The yield on Hungary’s five-year bonds climbed to a two-year high before an auction tomorrow as a credit-rating downgrade to junk by Moody’s Investors Service damped investor appetite for the country’s debt.
The government is offering 15 billion forint ($65 million) in 2014 bonds, 12 billion forint in 2017 notes and 8 billion forint in 2022 securities, according to data from the Debt Management Agency on Bloomberg. The five-year yield rose five basis points to 9.357 percent at 11:51 a.m. in Budapest, near the 9.57 percent reached on Nov. 25, the highest since July 2009 and the first trading day after the rating cut by Moody’s.
The central bank increased the benchmark interest rate to the highest in the European Union yesterday and said it may boost borrowing costs further after the Moody’s downgrade pushed the cost of insuring against Hungary’s default to a record high last week.
“The bond market appears to be in meltdown,” Neil Shearing, London-based chief emerging-markets economist at Capital Economics, wrote in a research report yesterday. Policy makers may need to initiate “far larger” rate increases to shore up bond and currency markets after yesterday’s attempt “flopped,” Shearing said.
The forint depreciated 0.8 percent to 311.84 against the euro, heading for a fifth straight month of declines.
Hungary, which on Nov. 17 said it would seek assistance from the International Monetary Fund, scrapped two debt sales and reduced the size of another eight auctions in the past three months, including a Treasury bill sale this week. The debt agency accepted no bids after investors offered 27.6 billion forint in 2012 bonds at a buyback auction today.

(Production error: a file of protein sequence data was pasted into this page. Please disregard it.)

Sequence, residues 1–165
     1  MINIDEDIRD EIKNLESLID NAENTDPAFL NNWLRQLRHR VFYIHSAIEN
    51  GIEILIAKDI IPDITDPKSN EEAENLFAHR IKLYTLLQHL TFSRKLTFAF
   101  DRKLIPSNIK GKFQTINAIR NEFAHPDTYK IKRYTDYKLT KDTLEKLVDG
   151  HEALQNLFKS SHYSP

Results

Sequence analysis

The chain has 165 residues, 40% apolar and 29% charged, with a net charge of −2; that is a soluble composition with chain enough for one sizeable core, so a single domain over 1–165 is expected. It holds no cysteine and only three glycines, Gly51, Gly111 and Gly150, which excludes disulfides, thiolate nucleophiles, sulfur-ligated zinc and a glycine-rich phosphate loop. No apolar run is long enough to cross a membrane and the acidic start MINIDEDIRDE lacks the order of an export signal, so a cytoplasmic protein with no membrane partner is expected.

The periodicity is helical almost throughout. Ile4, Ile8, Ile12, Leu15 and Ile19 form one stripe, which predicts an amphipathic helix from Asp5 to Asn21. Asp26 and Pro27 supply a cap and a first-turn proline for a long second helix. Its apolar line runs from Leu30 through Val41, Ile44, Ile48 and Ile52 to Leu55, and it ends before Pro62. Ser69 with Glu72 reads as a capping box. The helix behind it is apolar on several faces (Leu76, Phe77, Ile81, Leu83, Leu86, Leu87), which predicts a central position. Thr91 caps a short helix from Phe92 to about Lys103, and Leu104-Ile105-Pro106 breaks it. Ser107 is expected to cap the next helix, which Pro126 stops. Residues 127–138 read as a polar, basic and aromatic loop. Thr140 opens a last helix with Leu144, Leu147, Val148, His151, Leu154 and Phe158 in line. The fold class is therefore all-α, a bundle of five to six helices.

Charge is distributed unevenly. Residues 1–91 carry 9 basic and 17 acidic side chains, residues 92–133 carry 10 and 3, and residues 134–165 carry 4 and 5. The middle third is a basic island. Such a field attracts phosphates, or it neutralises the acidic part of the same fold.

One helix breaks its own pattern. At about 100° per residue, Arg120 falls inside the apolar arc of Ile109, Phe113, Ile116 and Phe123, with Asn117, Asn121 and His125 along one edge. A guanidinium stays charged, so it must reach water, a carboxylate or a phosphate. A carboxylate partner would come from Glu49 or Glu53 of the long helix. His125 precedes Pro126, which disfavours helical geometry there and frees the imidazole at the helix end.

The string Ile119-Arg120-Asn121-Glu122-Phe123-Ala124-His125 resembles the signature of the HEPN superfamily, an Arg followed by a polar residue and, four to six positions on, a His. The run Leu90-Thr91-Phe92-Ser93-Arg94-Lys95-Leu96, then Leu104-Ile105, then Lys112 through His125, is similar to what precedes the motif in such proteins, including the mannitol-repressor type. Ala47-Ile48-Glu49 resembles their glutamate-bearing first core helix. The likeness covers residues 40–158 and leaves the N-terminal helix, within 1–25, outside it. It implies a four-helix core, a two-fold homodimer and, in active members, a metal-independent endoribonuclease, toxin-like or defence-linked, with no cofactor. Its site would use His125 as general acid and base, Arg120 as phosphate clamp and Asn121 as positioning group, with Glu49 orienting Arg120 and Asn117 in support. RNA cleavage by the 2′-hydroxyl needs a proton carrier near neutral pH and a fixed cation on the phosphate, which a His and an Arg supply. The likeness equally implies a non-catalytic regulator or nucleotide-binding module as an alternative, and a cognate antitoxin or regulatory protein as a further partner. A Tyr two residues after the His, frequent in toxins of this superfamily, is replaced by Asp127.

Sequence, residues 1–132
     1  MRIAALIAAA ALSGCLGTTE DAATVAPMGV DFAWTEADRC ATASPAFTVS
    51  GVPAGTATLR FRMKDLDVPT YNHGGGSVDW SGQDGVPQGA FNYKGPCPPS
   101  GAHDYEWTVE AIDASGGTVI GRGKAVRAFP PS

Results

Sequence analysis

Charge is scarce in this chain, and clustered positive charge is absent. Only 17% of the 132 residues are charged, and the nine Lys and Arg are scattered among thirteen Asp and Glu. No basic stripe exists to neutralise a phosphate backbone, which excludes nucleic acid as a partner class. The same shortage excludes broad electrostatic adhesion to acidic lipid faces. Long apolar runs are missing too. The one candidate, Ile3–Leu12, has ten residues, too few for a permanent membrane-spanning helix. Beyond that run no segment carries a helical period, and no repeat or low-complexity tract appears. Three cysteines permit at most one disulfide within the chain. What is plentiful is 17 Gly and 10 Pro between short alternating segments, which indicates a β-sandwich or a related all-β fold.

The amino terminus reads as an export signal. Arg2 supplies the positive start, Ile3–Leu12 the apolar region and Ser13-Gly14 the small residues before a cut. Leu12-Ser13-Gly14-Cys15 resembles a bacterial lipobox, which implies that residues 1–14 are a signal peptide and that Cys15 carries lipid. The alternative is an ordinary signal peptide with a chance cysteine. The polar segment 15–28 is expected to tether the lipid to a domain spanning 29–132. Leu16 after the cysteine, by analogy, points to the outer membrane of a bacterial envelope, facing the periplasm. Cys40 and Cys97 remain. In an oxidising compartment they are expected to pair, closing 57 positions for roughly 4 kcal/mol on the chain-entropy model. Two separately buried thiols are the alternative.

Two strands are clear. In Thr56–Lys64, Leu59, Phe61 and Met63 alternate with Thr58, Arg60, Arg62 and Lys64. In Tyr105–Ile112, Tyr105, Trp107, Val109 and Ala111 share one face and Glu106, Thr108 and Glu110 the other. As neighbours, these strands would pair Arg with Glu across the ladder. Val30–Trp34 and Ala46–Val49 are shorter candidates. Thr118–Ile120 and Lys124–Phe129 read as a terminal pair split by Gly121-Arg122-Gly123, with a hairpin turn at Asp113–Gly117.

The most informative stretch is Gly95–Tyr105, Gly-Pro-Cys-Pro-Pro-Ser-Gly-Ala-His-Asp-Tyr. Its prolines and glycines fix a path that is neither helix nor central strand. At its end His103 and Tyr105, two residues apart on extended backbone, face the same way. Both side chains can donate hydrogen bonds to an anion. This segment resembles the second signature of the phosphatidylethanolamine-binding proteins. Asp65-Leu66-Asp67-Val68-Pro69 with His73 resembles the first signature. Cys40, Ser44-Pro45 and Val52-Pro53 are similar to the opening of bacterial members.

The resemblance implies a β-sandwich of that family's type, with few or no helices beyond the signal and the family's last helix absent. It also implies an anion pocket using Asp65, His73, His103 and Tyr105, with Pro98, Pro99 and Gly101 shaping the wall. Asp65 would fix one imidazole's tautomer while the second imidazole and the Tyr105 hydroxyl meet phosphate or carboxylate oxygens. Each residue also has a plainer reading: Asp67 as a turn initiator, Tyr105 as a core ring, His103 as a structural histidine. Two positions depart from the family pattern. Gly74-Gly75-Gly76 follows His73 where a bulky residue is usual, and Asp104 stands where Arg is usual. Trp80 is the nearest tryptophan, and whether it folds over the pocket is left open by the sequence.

“We think that the situation for Hungarian government bond auctions will remain difficult throughout the first half of 2012 and see risks that the refinancing via the markets could become impossible,” Zoltan Torok, a Budapest-based economist at Raiffeisen Bank International AG, and colleagues wrote in a research report yesterday.
Investments in Hungary dropped 5.4 percent in the third quarter from a year earlier as higher spending in manufacturing and government failed to outweigh declines in the banking and energy industries, data from the statistics office showed today.
“The global backdrop is negative today and central European currencies are at risk,” Bartosz Pawlowski, a London-based strategist at BNP Paribas SA, and colleagues wrote in a research report today. “We could see renewed pressure on the forint.”